November 25, 1986 Article
An unemployed Liverpool man has blown the lid off a massive social security benefit fraud which has been costing the nation millions. And startling evidence which he is about to give could lead to the prosecution of millions of benefit scroungers.
For the man, who prefers to remain anonymous, has exclusively revealed that a shocking eighty per cent of Britain’s 4 million unemployed actually have jobs, and are claiming benefit illegally. And that suggests that a staggering 3 million scroungers are on the fiddle, leaving the Government with a weekly bill of £150 million in false benefit claims.
“It goes on all the time”, said our informant who we will refer to as Mr. X. “Everyone on our estate does it. The postman, the milkman — they all sign on and pick up dole money”. According to his figures there are fewer than 800,000 genuine unemployed people in Britain. Proof that the so-called ‘unemployment problem’ doesn’t really exist.
Indeed, taking into account ‘fiddle’ earnings, the standard of living in Britain’s ‘unemployment blackspots’ has never been higher. “I know several blokes who are driven down to the dole in Rolls Royces”, Mr. X. told us. “And a lot of the lads in the local pub own private helicopters. Another friend of mine who’s been signing on for 12 years now owns a string of restaurants and a major hotel group”, he added.
We agreed to be blindfolded as Mr. X. took us to a block of flats somewhere in the Liverpool area where we were told the average income among residents, all of whom are unemployed, is £2,700 a week.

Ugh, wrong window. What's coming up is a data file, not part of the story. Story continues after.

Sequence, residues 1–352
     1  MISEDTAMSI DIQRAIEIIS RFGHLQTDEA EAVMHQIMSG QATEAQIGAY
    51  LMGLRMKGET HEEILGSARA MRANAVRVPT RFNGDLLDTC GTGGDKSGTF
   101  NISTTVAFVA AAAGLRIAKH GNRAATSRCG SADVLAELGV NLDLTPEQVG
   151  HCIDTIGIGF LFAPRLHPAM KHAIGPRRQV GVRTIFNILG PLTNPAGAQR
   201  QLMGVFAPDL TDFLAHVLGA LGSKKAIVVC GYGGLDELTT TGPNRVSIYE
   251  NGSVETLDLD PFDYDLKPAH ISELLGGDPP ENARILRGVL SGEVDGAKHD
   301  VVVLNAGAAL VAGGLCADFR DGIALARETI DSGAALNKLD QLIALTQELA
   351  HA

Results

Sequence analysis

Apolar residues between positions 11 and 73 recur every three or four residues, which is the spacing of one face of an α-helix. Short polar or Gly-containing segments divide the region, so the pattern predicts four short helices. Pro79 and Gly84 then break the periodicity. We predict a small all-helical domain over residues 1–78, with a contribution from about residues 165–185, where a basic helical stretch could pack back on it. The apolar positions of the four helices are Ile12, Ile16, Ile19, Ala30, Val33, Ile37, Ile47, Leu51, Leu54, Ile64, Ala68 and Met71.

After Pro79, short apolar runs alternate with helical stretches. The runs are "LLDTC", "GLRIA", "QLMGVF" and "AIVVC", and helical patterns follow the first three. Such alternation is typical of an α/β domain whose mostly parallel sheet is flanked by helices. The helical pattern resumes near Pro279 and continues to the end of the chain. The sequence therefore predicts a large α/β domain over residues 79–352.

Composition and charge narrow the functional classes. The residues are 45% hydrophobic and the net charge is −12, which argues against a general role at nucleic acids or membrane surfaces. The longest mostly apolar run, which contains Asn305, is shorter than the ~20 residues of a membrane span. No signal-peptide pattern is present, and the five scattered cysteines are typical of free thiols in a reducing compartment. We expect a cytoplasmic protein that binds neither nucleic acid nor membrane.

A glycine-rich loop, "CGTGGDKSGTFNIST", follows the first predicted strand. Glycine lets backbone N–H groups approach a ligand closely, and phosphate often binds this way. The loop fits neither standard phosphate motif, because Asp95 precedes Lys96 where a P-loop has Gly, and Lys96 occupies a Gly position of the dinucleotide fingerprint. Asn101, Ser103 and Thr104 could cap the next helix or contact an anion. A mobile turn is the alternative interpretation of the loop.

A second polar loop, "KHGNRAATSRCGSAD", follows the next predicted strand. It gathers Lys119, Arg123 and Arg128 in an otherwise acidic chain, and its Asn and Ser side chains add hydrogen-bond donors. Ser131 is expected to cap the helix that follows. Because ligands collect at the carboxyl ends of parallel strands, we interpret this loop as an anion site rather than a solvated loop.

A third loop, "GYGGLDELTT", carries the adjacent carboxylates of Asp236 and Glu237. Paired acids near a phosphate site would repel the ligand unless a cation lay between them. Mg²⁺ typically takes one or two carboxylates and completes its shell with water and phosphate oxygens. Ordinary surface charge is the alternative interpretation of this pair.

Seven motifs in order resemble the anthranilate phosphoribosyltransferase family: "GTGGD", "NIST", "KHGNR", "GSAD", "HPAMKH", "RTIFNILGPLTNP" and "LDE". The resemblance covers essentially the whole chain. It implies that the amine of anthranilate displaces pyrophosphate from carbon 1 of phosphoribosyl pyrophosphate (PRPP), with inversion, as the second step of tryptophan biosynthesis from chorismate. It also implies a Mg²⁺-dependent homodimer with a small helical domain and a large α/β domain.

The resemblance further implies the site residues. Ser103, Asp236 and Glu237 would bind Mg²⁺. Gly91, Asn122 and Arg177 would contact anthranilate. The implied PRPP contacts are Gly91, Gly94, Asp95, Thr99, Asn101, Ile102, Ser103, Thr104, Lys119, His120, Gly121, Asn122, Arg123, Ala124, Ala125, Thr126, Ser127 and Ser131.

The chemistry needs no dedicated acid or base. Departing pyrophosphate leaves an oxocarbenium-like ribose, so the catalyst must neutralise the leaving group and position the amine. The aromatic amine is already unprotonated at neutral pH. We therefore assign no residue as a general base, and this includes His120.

There was no sign of prosperity inside the building, but as our informant later told us, most of the money is spent on heroin or petrol bombs which are later thrown at the police.
Mr. X. supplied us with a list of well known professional footballers who he claims are currently receiving unemployment benefit. We were told that one player whose weekly earnings top the £3,000 mark, also receives £30.45 unemployment benefit. And we were told of a foreign head of state who flies into Britain once a fortnight to sign on. According to our sources he then receives extra benefit payments to include the cost of his return air fare.
But perhaps the most astonishing example of benefit fraud is that of staff inside the Department of Employment who regularly walk to the other side of the counter and sign themselves on. “By signing two or three times a day they can make a massive £450 a week bonus in benefit payments”, claimed Mr. X.
When we contacted our local Department of Employment office for a comment on these allegations a spokesman in Box 2 told us we were in the wrong queue. “You’ll have to press the bell at the enquiry window”, he said. Later, our informant Mr. X, who had agreed to give his evidence to the police, disappeared shortly after we had given him £2,000.